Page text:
He and his followers were wiped out in a plague, but Cobh has thrived ever since, and today is a colourful town with deep connections to the past. As last port of call for the Titanic, as well as historic departure point for hundreds of thousands of emigrants over the centuries, Cobh’s history is laden with heartache. Step inside the Titanic Experience Cobh, and Cobh, The Queenstown Story – to explore the story of both. The past looms large on Spike Island in Cork Harbour, where guided tours reflect the significance of the military fort housed here in Ireland’s revolutionary history. Having served as the site of a regional prison for decades, Fort Mitchell is now an enthralling and historic tourist attraction.
Heading north you’ll pass through the busy town of Fermoy, with its 13th century Cistercian abbey, before reaching the horseshoe-shaped Lough Gur. Rippling with myth and legend, the area here has a history stretching back 6,000 years. Look into the waters and see if you can see any sign of Gearóid Iarla, who was banished to the depths by the Goddess Áine... or so the legend goes. Let the beautiful greens of the scenery wash over you as you drive into the heart of Tipperary’s Golden Vale next. Soon you’ll see the Rock of Cashel emerging out of the landscape like a fairytale castle. It’s one of Ireland’s most iconic sites and as you walk up the steep hill to the entrance, you’ll get a sense of why. Huge, craggy and imposing – this is where St Patrick is said to have converted the King of Munster to Christianity in the 5th century, accidentally stabbing him in the foot with his crozier in the process. Walk the Gothic cathedral, see Ireland’s oldest frescoes in the 12th century chapel and take in the stunning views of one of the greenest parts of Ireland.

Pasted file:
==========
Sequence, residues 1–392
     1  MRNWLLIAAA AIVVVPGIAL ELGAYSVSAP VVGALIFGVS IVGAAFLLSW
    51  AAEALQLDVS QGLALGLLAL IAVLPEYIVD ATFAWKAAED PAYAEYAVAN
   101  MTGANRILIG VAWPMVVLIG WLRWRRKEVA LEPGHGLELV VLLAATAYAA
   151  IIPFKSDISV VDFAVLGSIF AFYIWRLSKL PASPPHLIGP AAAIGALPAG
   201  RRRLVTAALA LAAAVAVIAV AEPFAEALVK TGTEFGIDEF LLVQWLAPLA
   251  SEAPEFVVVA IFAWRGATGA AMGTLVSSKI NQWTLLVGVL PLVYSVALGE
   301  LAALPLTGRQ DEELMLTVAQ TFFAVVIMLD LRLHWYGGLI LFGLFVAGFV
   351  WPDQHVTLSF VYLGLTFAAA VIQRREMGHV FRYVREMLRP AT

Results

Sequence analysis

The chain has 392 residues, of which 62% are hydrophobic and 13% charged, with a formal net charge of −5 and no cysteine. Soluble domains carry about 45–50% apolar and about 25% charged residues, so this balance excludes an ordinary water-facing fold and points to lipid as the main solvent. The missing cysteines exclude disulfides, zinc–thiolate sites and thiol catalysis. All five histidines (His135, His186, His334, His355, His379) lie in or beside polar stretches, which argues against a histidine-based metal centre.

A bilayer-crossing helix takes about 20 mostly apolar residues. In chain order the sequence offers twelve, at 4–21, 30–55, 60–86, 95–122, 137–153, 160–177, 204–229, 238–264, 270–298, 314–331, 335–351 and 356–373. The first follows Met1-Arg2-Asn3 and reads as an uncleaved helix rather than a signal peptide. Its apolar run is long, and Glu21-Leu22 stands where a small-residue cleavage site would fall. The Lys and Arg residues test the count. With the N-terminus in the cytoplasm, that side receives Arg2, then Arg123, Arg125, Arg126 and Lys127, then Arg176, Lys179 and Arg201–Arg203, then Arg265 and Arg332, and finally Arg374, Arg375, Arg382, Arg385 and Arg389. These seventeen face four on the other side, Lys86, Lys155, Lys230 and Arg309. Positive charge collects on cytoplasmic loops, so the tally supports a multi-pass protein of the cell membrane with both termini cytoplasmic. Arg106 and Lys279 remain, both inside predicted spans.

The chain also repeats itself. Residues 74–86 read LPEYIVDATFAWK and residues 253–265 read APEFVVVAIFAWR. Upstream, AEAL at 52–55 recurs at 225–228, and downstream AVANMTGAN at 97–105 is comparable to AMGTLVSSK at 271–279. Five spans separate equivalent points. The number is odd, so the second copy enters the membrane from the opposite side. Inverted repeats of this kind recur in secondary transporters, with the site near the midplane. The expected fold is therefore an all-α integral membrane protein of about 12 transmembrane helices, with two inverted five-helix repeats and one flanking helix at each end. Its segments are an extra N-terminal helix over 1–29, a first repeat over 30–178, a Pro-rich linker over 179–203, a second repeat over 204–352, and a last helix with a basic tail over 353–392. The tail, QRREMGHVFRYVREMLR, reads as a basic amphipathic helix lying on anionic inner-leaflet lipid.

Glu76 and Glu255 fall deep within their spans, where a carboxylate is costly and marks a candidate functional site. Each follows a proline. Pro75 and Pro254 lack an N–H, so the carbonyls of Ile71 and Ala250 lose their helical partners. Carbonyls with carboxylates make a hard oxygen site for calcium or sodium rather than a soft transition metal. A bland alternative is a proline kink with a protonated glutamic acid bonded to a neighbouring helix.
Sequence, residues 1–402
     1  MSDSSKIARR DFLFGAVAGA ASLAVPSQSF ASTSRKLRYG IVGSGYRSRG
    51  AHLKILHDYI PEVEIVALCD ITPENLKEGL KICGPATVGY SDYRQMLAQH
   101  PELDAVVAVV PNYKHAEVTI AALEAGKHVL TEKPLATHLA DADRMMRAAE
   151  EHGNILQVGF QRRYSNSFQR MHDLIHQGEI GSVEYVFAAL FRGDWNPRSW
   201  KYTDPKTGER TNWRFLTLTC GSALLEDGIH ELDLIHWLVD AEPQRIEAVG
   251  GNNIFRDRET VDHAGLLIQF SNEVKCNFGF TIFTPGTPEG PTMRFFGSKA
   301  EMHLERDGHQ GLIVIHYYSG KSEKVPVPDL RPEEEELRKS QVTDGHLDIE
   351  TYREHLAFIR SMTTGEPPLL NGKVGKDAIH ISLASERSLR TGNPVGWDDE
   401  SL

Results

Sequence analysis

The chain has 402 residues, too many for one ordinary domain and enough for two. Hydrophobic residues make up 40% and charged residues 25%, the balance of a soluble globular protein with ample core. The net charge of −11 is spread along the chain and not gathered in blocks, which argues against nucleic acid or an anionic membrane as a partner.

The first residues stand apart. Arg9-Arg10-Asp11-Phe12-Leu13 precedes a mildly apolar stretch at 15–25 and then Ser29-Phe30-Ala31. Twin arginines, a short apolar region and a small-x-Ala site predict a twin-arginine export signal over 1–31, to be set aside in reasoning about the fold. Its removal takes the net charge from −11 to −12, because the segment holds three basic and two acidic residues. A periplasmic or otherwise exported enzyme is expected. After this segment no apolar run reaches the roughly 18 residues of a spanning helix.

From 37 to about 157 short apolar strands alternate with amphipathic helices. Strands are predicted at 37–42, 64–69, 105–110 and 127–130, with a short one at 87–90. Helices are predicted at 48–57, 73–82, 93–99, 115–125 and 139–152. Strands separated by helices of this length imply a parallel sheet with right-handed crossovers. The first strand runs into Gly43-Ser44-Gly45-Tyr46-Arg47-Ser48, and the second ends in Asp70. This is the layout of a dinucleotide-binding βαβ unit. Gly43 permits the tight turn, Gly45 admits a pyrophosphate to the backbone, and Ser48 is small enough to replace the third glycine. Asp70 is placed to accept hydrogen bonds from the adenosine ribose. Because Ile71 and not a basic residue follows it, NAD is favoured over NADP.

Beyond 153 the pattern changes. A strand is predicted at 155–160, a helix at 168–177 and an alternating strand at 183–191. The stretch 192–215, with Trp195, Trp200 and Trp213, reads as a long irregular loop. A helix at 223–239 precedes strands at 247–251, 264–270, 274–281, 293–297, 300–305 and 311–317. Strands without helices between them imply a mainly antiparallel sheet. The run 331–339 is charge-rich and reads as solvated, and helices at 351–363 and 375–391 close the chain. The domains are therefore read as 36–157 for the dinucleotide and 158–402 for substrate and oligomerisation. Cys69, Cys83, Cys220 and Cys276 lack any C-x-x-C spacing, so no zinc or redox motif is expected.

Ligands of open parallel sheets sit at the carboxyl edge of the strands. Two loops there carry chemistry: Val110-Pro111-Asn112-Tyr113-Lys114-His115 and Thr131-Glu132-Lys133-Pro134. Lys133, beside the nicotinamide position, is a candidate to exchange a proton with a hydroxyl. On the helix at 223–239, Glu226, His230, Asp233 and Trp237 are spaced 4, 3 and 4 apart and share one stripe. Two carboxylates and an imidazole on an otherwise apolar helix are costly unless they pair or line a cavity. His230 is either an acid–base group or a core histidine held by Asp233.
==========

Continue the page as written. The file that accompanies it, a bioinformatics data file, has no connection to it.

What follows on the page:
if you have more time:
Stop off at Mitchelstown Caves, and enter a world without sun, without time, a world where man almost feels an intruder and where nature reigns supreme.